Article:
Derbenev Wins R.R. Wilson Prize for Accelerator Achievements

Yaroslav Derbenev
Yaroslav Derbenev
Accelerator Division Senior Staff Scientist

Jefferson Lab Senior Staff Scientist Yaroslav Derbenev, from the Accelerator Division, has been named the recipient of the American Physical Society's 2011 Robert R. Wilson Prize for Achievement in the Physics of Particle Accelerators.

The annual prize recognizes and encourages outstanding achievement in the physics of particle accelerators. Derbenev was honored "for a broad range of seminal contributions and innovations in beam physics, including theory and control of polarization with 'Siberian snakes,' electron and ionization cooling, round-to-flat beam transformations, Free-Electron Lasers and electron-ion colliders." He will receive a prize certificate, $7,500, and an allowance for travel to the meeting at which the prize is awarded.

"I am especially pleased that the prize committee is recognizing conceptual development of the Electron-Ion Collider," Derbenev said, after learning of the award. "This is the result of many years of effort by JLab's nuclear and accelerator physicists to establish a viable perspective for a bright future of nuclear physics at Jefferson Lab."

"The EIC proposal is now receiving serious support from JLab leadership and DOE," Derbenev affirmed. "It is a growing attraction for the nuclear and accelerator communities. Explorations into building the nuclear physics case and innovative developments in accelerator and detector design and technology have been made toward attaining the high luminosity, polarized beams needed for a CEBAF-based Electron-Ion Collider." 

In early August, Jefferson Lab hosted an international Beam Physics Symposium to honor Derbenev's lifetime of achievements in accelerator and beam physics and to celebrate his 70th birthday. Derbenev's distinguished career spans 50 years and stretches from Novosibirsk to Yerevan and from Ann Arbor, Mich., to JLab's Center for Advanced Studies of Accelerators.

In 2007, Derbenev was awarded the U.S. Particle Accelerator School's 2007 Prize for Achievement in Accelerator Physics and Technology. He was honored for his seminal contributions to the theory of beam polarization in accelerators and its control with "Siberian snakes," the theory of electron cooling and the inventions of "round-to-flat" beam optics transformations and novel six-dimensional muon cooling schemes. The award was presented to him at the 2007 Particle Accelerator Conference in Albuquerque, New Mexico.

Over the years he has authored or co-authored hundreds of papers and technical notes, participated in many conference proceedings and helped develop several reports.

Slava, as he's known to his Jefferson Lab colleagues, graduated from Moscow State University with a master's in physics and then went on to the Budker Institute of Nuclear Physics in Novosibirsk for his doctorate. While working on his doctorate, Derbenev's supervisor took him to meet Gersh Budker. "He asked me about my work and was told that I was a theorist," Derbenev said with a laugh at the memory, "and he told me the world didn't need any more theorists."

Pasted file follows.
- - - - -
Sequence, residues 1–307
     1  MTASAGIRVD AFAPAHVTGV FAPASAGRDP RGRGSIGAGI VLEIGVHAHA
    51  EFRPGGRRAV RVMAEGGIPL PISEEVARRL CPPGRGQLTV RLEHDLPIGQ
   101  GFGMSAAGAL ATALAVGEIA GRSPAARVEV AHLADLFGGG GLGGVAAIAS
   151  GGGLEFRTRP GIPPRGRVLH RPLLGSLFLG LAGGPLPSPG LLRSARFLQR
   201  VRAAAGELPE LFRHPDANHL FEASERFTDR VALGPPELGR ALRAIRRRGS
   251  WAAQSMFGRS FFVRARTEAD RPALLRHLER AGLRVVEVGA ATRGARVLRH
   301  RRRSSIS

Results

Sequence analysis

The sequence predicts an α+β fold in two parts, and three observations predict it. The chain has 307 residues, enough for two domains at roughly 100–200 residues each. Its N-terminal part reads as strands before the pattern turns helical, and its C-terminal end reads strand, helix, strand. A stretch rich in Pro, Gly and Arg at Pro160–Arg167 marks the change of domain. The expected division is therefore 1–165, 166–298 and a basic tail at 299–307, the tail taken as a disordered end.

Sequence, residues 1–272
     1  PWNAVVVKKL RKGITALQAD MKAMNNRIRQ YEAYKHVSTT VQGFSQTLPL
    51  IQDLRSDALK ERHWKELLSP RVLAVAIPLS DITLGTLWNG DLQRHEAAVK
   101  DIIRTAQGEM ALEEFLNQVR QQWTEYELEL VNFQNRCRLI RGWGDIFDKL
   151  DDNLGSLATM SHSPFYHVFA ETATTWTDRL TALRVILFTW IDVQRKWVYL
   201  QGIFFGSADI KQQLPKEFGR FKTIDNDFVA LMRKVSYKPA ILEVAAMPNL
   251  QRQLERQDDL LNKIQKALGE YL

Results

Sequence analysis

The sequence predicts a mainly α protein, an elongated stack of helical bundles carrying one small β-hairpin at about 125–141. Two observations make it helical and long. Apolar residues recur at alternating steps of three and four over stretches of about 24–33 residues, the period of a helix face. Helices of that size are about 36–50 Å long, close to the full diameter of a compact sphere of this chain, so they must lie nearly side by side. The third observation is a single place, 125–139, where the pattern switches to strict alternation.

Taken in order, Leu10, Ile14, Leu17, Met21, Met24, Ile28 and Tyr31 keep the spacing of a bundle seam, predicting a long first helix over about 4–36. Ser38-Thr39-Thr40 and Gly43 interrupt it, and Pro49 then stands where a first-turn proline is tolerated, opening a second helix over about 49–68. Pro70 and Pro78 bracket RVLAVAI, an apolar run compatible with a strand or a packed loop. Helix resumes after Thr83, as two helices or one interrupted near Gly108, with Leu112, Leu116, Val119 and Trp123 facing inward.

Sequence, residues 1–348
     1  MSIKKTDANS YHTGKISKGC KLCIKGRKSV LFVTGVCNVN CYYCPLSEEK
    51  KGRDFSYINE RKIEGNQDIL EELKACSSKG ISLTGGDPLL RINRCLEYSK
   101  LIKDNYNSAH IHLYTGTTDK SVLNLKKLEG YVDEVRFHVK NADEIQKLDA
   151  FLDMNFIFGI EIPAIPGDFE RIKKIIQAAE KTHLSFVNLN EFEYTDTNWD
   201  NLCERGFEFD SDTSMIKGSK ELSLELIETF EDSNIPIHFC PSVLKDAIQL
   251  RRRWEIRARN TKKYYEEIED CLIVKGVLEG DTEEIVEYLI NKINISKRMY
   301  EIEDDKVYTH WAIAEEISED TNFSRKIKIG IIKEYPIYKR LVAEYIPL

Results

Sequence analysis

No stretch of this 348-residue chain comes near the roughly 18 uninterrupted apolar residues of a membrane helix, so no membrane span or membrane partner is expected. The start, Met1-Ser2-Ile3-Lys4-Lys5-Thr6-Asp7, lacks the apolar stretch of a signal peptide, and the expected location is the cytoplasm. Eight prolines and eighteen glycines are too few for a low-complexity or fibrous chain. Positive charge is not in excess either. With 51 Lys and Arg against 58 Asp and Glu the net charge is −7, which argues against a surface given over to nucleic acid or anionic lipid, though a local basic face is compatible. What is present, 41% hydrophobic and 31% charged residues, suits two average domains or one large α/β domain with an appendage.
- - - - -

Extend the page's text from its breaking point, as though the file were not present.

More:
As a child he envisioned himself becoming an astronomer after his mother began to teach him about the night sky and gave him his first instruments, but his head was turned and his career course set by his high school physics teacher, who instilled in him a passion for science.

His early career was spent working at BINP, the Institute of Complete Electric Drive in Novosibirsk and the Institute of Physics in Yerevan. He first came to the United States as a visiting accelerator physicist at the University of Michigan in Ann Arbor, and then went on to CERN and DESY before returning to the U.S. to work at SLAC. From 1990 to 2000, he was a visiting professor at the University of Michigan. He came to Jefferson Lab in 2001, where his work focuses on advanced concepts for a proposed electron-ion collider, radiofrequency control theory and new concepts for hard radiation sources, as well as development of new concepts for electron cooling of ions and ionization cooling of muon beams for the neutrino factory and the muon collider at FermiLab. "Being here is like a professional dream," he said.

He and his wife, Svetlana, who worked in molecular spectography in Russia, live in Williamsburg. Their daughter and three grandchildren live in Novosibirsk, and his son and his family live in Philadelphia. He proudly notes that his oldest grandson is also into physics.

Derbenev and Svetlana love to travel and have been on numerous European tours and cruises to the Caribbean. They've traveled the U.S. by car from Ann Arbor to San Francisco. An as yet unfilled dream is to visit Alaska. The scientist is a self-described "passionate listener" to all types of music and loves to play chess.